Monday, January 30, 2023

Where kids will grow strong

Staff Writer | May 6, 2021 1:08 AM

COEUR d’ALENE — Monday was a tough one for Vanessa Moos at Children’s Village — before she went outside with the “littles.”

Then, it became an unforgettable one.

They walked in the field where a “Sensory Garden” is planned. It had been explained to these 6 and 7-year-olds this would be a special place where they ride a bike, play in sand, swing, crawl into tunnels or climb a tower.

Almost like an enchanted forest.

The children were overflowing with joy and excitement.

“They all ran to me saying, ‘Thank you so much for doing this,’” said Moos, director of charitable giving at Children’s Village in Coeur d'Alene. “It made me cry.”

She looked at the crowd of about 50 gathered at the future Sensory Garden for a groundbreaking ceremony on a sunny and warm Wednesday.

“I’m so grateful to all of you for trying to help these kids,” she said.

Behind the efforts of The Coeur d’Alene Regional Chamber’s Leadership Classes of 2020 and 2021, the project aims to help children who have been abused, neglected, or are in severe family crisis and temporarily live at Children’s Village.

The Sensory Garden will have a winding bike path and nine sensory stops for the kids. One offers earth tunnels for exploring. The next, a lookout tower to climb higher. Then a lumber yard. There are stops for playing in sand, water, swinging and a “Gathering Playhouse.”

It will be a peaceful place of calm and assurance.

“There’s a lot of different tools that we can help these kids with, and that’s what this is,” Moos said.

The hope is to install the permanent bike path and have some of the stops completed in The Sensory Garden by August.

It's about more than just children playing.

“In treating trauma, the sensory approach promotes self-regulation and teaches children positive ways to deal with stress, anxiety, and mental health symptoms," said a flyer.

Derrell Hartwick, Coeur d’Alene Regional Chamber president and CEO, said they wanted to do the project last year, but couldn’t due to the coronavirus. So both classes combined their talents and spirit to take it on this year.

They organized, planned and fanned out to compile resources, line up sponsors and rally donors of labor, material, and money.

Ryan Johnson, leadership class president, thanked all those involved for “driving me to be better and your willingness to kick in some money to make this happen.”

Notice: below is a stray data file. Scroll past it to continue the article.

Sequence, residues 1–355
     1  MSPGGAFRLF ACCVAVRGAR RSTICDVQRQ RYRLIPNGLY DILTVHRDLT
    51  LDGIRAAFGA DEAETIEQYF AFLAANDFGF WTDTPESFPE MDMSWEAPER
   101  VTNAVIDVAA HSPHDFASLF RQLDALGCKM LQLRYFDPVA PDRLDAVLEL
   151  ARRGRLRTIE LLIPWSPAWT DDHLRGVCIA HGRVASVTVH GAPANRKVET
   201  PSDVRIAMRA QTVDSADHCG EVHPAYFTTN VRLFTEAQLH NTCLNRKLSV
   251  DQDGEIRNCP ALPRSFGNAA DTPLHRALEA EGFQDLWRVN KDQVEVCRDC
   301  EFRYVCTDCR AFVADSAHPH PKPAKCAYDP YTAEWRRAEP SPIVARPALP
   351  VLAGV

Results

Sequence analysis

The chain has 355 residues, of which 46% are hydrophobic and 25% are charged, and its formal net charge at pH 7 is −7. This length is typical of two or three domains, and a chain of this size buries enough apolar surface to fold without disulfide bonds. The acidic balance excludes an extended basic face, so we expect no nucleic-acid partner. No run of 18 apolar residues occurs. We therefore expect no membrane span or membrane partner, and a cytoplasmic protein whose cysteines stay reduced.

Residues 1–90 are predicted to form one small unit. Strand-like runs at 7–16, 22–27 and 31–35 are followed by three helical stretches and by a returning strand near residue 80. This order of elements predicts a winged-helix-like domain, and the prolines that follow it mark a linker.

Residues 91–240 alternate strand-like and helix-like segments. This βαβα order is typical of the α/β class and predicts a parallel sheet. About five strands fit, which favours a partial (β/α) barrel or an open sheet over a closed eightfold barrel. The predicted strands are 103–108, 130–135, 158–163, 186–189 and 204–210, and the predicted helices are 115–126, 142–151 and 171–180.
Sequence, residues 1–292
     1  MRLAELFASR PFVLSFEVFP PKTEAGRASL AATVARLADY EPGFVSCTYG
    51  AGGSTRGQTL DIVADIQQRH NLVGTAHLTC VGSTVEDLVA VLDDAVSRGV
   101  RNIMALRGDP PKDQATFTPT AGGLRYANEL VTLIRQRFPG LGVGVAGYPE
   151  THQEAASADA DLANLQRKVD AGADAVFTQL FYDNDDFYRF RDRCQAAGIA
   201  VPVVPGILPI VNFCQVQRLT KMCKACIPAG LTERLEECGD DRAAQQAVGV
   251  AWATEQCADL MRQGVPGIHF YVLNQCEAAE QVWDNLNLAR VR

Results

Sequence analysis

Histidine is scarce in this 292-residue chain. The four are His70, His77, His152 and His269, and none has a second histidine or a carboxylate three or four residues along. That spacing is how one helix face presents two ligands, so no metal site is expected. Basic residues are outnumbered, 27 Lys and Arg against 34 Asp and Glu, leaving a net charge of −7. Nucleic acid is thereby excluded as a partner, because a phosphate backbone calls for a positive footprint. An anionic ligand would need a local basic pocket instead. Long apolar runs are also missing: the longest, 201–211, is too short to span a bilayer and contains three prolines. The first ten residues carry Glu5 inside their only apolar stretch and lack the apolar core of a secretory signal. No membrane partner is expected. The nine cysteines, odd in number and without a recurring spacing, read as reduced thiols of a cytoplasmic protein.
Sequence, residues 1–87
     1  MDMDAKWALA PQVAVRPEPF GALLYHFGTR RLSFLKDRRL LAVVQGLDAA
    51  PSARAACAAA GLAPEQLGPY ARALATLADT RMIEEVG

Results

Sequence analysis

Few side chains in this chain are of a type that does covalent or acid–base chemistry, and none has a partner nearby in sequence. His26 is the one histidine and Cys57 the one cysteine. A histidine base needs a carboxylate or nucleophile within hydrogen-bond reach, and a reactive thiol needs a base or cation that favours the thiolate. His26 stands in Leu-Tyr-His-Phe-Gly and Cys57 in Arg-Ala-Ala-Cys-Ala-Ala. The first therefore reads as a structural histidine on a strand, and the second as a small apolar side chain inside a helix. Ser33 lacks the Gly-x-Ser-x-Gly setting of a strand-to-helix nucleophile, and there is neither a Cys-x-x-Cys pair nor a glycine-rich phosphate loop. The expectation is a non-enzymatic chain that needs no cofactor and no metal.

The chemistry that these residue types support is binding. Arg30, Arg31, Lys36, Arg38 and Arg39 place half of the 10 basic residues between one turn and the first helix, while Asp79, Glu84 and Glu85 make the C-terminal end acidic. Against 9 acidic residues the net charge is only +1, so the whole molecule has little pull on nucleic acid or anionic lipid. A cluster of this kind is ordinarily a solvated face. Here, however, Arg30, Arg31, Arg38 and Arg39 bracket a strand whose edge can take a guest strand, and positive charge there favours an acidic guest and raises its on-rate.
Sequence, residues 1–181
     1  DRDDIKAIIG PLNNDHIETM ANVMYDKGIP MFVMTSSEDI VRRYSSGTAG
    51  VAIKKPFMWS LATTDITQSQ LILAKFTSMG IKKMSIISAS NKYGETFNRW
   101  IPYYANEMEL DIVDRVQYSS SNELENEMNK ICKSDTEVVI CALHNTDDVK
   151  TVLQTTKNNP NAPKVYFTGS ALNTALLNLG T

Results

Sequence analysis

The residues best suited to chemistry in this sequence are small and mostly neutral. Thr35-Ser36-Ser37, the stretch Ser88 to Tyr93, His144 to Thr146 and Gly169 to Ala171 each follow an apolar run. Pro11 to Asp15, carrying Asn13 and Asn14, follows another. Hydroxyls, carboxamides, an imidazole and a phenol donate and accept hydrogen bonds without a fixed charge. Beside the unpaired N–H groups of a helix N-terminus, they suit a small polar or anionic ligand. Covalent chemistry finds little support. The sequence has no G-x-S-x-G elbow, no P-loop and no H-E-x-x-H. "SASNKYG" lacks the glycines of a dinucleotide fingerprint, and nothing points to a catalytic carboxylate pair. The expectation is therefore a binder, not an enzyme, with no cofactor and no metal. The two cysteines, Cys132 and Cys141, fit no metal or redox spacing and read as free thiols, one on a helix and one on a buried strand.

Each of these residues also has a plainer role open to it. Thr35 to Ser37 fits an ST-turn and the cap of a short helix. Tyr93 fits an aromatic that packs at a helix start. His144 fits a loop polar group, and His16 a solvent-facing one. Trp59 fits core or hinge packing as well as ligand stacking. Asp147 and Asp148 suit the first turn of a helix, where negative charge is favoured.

It was a great effort that made Hartwick proud. Already, asphalt, lights, lumber and more have been contributed.

“I think it’s just a great showing of what our future leaders can do,” he said. “That’s exactly what this class is about — people who are going to be investing in our community and leading our community.”

Moos said the sensory integration is important for children of trauma who may not have had loving parents like many of those at the groundbreaking on Wednesday.

“Things we take for granted,” she said.

Children’s Village therapists work with the kids through sensory integration, Moos said.

“This path is going to be crucial for them,” she said.

Rebekah Johnson, director of community relationships for Mountain West Bank, said they were glad to be part of it.

“It is amazing to see the impact that our community partners have had here today,” she said.

“If you look around today, see how many businesses are standing here, there are so many people. I tell everybody in our community, from our kids to our elders, collaborations are where it’s at.”

Bridget Sundahl with CDA Paving and Concrete Specialities said helping create The Sensory Garden was a project they wanted to do.

“It’s something for us to latch on to and be proud of, and for everyone to be proud of,” she said.

Sundahl added that it was a great opportunity “to support and protect the vulnerable.”

“This is a project of such magnitude, it creates a lot of pride,” she said.

Johnson said each themed pod will cost several thousand dollars.

“With the people who are building them, it’s up to their imagination,” she said.

Another $25,000 to $50,000 would help complete The Sensory Garden.

Keith Dixon, principle with Architects West, led a site tour where trees, stumps, flowers and shrubs remain in a grassy field.

He called it a “native North Idaho landscape.

“One of the things we’re trying to do is maintain what we’ve got here and have minimal impact,” he said.

It will be a sensory zone for the kids, Dixon said, but also, a “natural zone, where it’s not contrived. It is what it is.”



Some of those who attended Wednesday's groundbreaking of The Sensory Garden at Children's Village gather near the site plans created by Architects West.

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